Re: Graphics vs Text

Subject: Re: Graphics vs Text
From: "Kathleen MacDowell" <kathleen -at- writefortheuser -dot- com>
To: "Mark the Writer" <mdb-career -at- cox -dot- net>
Date: Wed, 15 Aug 2007 13:48:48 -0500

Although in general, I'd find it hard to say one is better than the other,
I wonder if online topics might be a special case, in the following sense:

How much information can be conveyed in one figure or illustration or
diagram, vs how much can be conveyed in verbal steps? It seems as if one
might have to page through a large number of screens to get a
complete picture of heavily illustrated online content, whereas in one
screen of steps one could go over it until it was clear.

In writing about complex topics (hard copy), I add
illustrations/figures/screen shots/tables/graphs where I can in an effort to
break up the text and perhaps help out those who are more visually oriented.
In some situations, such as a quick start guide, I'd definitely opt for
heavy illustration, but in a more complete document, one can run into the
page count issue. That said, the department in my current job is moving to
as little and brief (dare I say robotic) documentation as they can, and in
some cases, increasing the number of illustrations.

But overall, illustrations (tables, etc) have the same catches as text--if
they aren't well thought out and organized, they don't offer much.

On 8/15/07, Mark the Writer <mdb-career -at- cox -dot- net> wrote:
> Same thing for anything I do.
> Have used a number of different deliverable formats.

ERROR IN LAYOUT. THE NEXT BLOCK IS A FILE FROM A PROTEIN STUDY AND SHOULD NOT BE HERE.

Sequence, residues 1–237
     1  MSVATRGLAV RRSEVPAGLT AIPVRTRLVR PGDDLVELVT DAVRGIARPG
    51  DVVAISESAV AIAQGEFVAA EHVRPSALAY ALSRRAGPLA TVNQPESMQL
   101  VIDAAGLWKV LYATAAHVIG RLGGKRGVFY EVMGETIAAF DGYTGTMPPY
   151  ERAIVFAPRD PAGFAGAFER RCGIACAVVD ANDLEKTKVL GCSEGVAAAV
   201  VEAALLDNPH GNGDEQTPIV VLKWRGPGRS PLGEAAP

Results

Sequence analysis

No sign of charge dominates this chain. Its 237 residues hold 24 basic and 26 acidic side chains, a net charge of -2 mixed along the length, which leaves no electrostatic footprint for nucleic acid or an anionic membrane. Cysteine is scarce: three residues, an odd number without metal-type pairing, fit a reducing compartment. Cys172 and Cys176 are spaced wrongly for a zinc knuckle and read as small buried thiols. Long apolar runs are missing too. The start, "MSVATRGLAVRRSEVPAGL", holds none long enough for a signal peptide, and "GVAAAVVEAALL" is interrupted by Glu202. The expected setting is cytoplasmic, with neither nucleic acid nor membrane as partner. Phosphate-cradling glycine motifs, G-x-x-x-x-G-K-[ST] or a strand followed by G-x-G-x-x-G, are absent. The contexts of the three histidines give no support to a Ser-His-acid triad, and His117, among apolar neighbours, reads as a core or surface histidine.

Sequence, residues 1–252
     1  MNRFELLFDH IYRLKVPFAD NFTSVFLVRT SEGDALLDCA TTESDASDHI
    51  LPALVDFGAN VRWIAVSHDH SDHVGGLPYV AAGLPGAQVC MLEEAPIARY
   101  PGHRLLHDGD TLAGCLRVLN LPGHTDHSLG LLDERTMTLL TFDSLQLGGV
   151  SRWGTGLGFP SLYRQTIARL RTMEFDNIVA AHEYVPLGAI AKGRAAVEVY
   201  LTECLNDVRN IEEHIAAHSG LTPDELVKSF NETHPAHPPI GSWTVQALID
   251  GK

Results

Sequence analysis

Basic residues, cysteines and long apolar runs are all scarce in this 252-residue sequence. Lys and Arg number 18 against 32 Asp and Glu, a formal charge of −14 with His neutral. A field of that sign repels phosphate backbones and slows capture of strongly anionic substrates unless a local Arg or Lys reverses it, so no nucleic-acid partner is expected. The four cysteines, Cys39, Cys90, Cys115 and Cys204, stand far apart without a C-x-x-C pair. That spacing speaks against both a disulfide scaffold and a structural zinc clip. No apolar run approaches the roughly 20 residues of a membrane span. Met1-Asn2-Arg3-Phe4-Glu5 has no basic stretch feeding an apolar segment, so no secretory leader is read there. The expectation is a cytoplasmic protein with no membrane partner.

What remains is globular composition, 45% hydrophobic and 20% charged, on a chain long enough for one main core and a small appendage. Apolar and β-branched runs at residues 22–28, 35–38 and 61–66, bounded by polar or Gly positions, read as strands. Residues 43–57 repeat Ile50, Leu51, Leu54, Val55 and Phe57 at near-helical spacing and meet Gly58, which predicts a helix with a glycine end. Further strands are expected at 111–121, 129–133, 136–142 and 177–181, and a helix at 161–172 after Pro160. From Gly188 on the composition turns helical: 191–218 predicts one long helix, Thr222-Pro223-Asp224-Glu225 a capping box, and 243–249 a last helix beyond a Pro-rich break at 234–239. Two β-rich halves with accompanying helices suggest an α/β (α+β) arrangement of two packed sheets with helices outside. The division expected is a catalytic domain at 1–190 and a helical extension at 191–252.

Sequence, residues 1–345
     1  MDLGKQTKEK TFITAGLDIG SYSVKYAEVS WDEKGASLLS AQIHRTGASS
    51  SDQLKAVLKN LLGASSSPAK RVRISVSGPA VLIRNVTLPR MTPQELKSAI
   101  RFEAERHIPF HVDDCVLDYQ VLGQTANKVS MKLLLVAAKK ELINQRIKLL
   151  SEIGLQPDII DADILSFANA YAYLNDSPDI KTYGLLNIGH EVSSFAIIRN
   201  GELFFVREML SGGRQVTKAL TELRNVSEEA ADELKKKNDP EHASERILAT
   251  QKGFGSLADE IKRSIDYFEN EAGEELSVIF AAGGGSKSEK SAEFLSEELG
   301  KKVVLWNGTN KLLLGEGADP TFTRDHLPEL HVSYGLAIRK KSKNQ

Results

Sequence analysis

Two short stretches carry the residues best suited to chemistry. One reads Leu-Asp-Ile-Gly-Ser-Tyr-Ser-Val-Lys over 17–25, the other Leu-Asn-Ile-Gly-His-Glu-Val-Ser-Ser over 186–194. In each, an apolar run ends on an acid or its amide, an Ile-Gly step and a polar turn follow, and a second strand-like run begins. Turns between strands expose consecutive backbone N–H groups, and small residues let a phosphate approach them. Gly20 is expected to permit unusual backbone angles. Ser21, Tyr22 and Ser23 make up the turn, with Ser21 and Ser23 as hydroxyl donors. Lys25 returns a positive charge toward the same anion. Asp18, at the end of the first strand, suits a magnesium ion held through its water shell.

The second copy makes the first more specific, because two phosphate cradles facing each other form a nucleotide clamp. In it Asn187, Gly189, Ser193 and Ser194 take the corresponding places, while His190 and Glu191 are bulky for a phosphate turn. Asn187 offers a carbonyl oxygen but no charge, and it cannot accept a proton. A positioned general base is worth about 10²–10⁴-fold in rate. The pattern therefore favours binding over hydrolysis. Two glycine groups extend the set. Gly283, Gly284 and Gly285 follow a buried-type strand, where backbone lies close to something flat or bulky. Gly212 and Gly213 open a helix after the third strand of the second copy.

> If the user can make a mistake - add in a graphic to prevent the user
> mistake.
> Mark
> -----Original Message-----
> From: Fred Ridder [mailto:docudoc -at- hotmail -dot- com]
> Sent: Wednesday, August 15, 2007 11:03
> To: mdb-career -at- cox -dot- net
> Subject: RE: Graphics vs Text
> Umm, wasn't the OP specifically asking about onine help?
> Your reply seems to be oriented toward manuals.
> >From: "Mark the Writer" <mdb-career -at- cox -dot- net>
> >To: <techwr-l -at- lists -dot- techwr-l -dot- com>
> >CC: baj357 -at- gmail -dot- com
> >Subject: RE: Graphics vs Text
> >Date: Wed, 15 Aug 2007 10:59:43 -0700
> >
> >
> >RE - When to use graphics ?
> >
> >***
> >
> >I personally think graphics are only mandatory if there is more than a 30
> >percent chance
> >that someone could make a mistake.
> >
> >For instance ...
> >
> >Many software option windows have settings where a user is doomed if they
> >make a simple
> >mistake.
> >
> >So I enter in an example of a correct setting and throw in the screen
> shot.
> >
> >Preference ...
> >
> >As far as charts and line art go - I like to include personally.
> >
> >I am an engineer that writes for engineers usually - and we live on
> >graphics.
> >
> >Ask an engineer would they prefer the identical information in a block of
> >text or a graphic -
> >and they will ask for the graphic.
> >
> >I typically give them both and use "as you can see in Figure 5, bla bla
> >bla."
> >
> >Mark
> >
> >
> >
> --
> Kathleen MacDowell

Create HTML or Microsoft Word content and convert to Help file formats or
printed documentation. Features include support for Windows Vista & 2007
Microsoft Office, team authoring, plus more.

True single source, conditional content, PDF export, modular help.
Help & Manual is the most powerful authoring tool for technical
documentation. Boost your productivity!

You are currently subscribed to TECHWR-L as archive -at- web -dot- techwr-l -dot- com -dot-

To unsubscribe send a blank email to
techwr-l-unsubscribe -at- lists -dot- techwr-l -dot- com
or visit

To subscribe, send a blank email to techwr-l-join -at- lists -dot- techwr-l -dot- com

Send administrative questions to admin -at- techwr-l -dot- com -dot- Visit for more resources and info.

RE: Graphics vs Text: From: Mark the Writer
RE: Graphics vs Text: From: Mark the Writer

Previous by Author: Re: Automating repetitive task?
Next by Author: Re: Guess what: we suck!
Previous by Thread: RE: Graphics vs Text
Next by Thread: Fwd: Graphics vs Text

What this post helpful? Share it with friends and colleagues:

Sponsored Ads